Rwanda still imports more than it exports to other foreign markets and this puzzle continues to elude local economic planners that spend sleepless nights cracking through moves that would balance trade.
Experts have realised that the biggest problem is lack of correct information among local firms and that this challenge does not require rocket science to fix.
Another complex huddle that local firms have to jump over is the intricate trade barriers.
On Wednesday the European Union Delegation to Rwanda conducted Market Access training for Rwandan companies in conjunction with ITC’s Market Analysis, Private Sector Federation, Ministry of Trade & Industry, Agriculture Ministry and the Agricultural Export Development Board (NAEB).
This training According to the EU delegation in Rwanda is “an initiative that complements our development support to the agriculture sector in Rwanda.”
Nicola Bellomo EU Ambassador to Rwanda told the trainees that Rwanda has free access to the EU market (everything but arms) but volumes of exports remain low.
“Most of our trade consists of EU imports to Rwanda; our objective is to balance our trade relations – and to help create jobs and economic growth in the process,” Bellomo said.
This training is considered a great opportunity for our export SMEs, for those that did not get a chance this time more training and support soon!” says the chief executive officer of the National Agricultural Export Development Board.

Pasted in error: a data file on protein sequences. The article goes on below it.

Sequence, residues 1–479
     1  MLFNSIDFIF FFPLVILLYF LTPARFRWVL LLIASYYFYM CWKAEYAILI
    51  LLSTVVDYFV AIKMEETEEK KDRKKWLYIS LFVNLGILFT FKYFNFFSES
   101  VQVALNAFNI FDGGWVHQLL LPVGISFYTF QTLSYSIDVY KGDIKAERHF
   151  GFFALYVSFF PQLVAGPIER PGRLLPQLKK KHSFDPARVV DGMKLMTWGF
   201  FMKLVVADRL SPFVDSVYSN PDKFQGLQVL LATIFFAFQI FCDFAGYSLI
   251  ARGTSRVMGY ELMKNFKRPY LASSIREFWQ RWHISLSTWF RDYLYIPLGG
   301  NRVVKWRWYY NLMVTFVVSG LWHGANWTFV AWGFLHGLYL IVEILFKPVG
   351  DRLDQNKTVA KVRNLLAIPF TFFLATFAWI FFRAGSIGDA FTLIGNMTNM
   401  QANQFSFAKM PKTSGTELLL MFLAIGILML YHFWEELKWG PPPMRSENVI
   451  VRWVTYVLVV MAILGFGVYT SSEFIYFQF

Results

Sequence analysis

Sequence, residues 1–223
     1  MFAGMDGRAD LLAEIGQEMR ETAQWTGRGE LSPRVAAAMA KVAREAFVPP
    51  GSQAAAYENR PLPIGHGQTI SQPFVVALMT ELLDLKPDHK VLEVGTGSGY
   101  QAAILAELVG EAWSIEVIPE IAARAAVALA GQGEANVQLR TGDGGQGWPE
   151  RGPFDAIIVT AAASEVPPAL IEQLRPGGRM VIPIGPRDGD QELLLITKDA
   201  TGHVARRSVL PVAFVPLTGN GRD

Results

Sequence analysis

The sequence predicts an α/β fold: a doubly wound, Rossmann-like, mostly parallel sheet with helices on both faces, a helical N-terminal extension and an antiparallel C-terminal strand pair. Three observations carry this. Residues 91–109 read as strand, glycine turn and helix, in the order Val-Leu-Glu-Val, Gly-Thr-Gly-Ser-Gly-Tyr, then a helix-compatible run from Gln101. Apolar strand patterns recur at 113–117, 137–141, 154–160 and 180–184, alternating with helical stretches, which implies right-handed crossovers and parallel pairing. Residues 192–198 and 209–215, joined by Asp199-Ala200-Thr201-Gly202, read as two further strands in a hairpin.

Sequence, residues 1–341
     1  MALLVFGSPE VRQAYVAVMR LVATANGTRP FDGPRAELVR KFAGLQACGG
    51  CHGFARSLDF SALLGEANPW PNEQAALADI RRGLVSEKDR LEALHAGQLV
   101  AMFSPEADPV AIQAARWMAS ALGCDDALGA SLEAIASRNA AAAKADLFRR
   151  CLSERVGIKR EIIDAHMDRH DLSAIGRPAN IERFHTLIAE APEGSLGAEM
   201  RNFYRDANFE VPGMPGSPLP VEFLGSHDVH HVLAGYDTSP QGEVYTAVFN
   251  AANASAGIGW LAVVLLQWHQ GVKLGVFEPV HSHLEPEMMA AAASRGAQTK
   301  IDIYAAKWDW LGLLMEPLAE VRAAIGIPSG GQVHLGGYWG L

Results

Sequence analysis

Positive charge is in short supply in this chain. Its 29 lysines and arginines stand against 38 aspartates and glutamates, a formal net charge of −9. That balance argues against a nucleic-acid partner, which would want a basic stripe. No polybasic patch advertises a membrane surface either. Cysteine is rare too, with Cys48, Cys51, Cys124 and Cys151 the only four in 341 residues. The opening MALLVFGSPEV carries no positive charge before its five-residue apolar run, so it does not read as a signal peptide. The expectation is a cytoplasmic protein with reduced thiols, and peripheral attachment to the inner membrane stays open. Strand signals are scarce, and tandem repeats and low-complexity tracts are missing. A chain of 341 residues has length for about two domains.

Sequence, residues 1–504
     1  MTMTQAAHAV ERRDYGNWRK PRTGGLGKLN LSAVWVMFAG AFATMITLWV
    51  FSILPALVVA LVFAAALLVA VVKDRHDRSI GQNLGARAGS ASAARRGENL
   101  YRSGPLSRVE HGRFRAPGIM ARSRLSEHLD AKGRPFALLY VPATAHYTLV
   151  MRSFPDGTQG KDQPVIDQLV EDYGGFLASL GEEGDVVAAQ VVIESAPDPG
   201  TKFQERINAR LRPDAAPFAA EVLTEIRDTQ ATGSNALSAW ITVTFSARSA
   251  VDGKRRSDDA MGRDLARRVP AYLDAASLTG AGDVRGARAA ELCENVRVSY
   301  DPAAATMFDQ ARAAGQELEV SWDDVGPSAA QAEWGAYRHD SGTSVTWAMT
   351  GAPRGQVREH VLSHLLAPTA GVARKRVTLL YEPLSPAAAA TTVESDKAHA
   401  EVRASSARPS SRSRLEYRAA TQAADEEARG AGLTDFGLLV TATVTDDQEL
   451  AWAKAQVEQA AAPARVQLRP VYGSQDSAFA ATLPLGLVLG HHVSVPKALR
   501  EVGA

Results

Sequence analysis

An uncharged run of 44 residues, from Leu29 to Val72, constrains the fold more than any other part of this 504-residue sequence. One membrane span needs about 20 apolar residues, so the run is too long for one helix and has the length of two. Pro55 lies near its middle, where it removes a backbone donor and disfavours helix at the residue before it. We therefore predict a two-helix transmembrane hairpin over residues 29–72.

According to the International Trade Centre (ITC), Rwanda still has an untapped potential to export $14.5M more to Europe. In 2017 alone, Rwanda exports to European markets accounted for a Total: $53.5million.
Cutting through the wooves of international trading, local Rwandan firms need to know that Rwandan products don’t pay import tariffs when entering the EU market.
For example if a Rwandan farmer wants to export green beans to the EU, though most countries pay 11% of their price on import duties, Rwandan beans don’t pay anything to access the EU market.
However, exporters have to prove that their products are genuinely “Rwandan” to get this incentive.
According to NAEB, It is also good to know what goods are needed and have most chances at EU markets.
It can be remembered that in 2013, the ITC’s Market Analysis asked Rwandan firms to mention their obstacles to export.
Statistics from NAEB indicate that overall 71% of exporting companies reported encountering Non-Tariff Barriers (NTBs).
The report on NTBs showed that the agro-processing industry in Rwanda is the most affected by trade barriers.
When asking the Rwandan firms where the problems to export are, it was found that most of them can be solved locally.
“All our exporters need is to be most informed. Not knowing what you need to have before exporting your good to Europe is the major barrier,” NAEB says.
Rwanda, the International Trade Center (ITC) and the European Union (EU) are working together to inform local firms on how to export to the EU with 503 million people and more than 25% of the world’s GDP, it is a good target for any business.
Rwandan firms enjoy preferential conditions to export to the EU that totally remove the duties to pay when entering the EU market. This makes Rwanda products more competitive.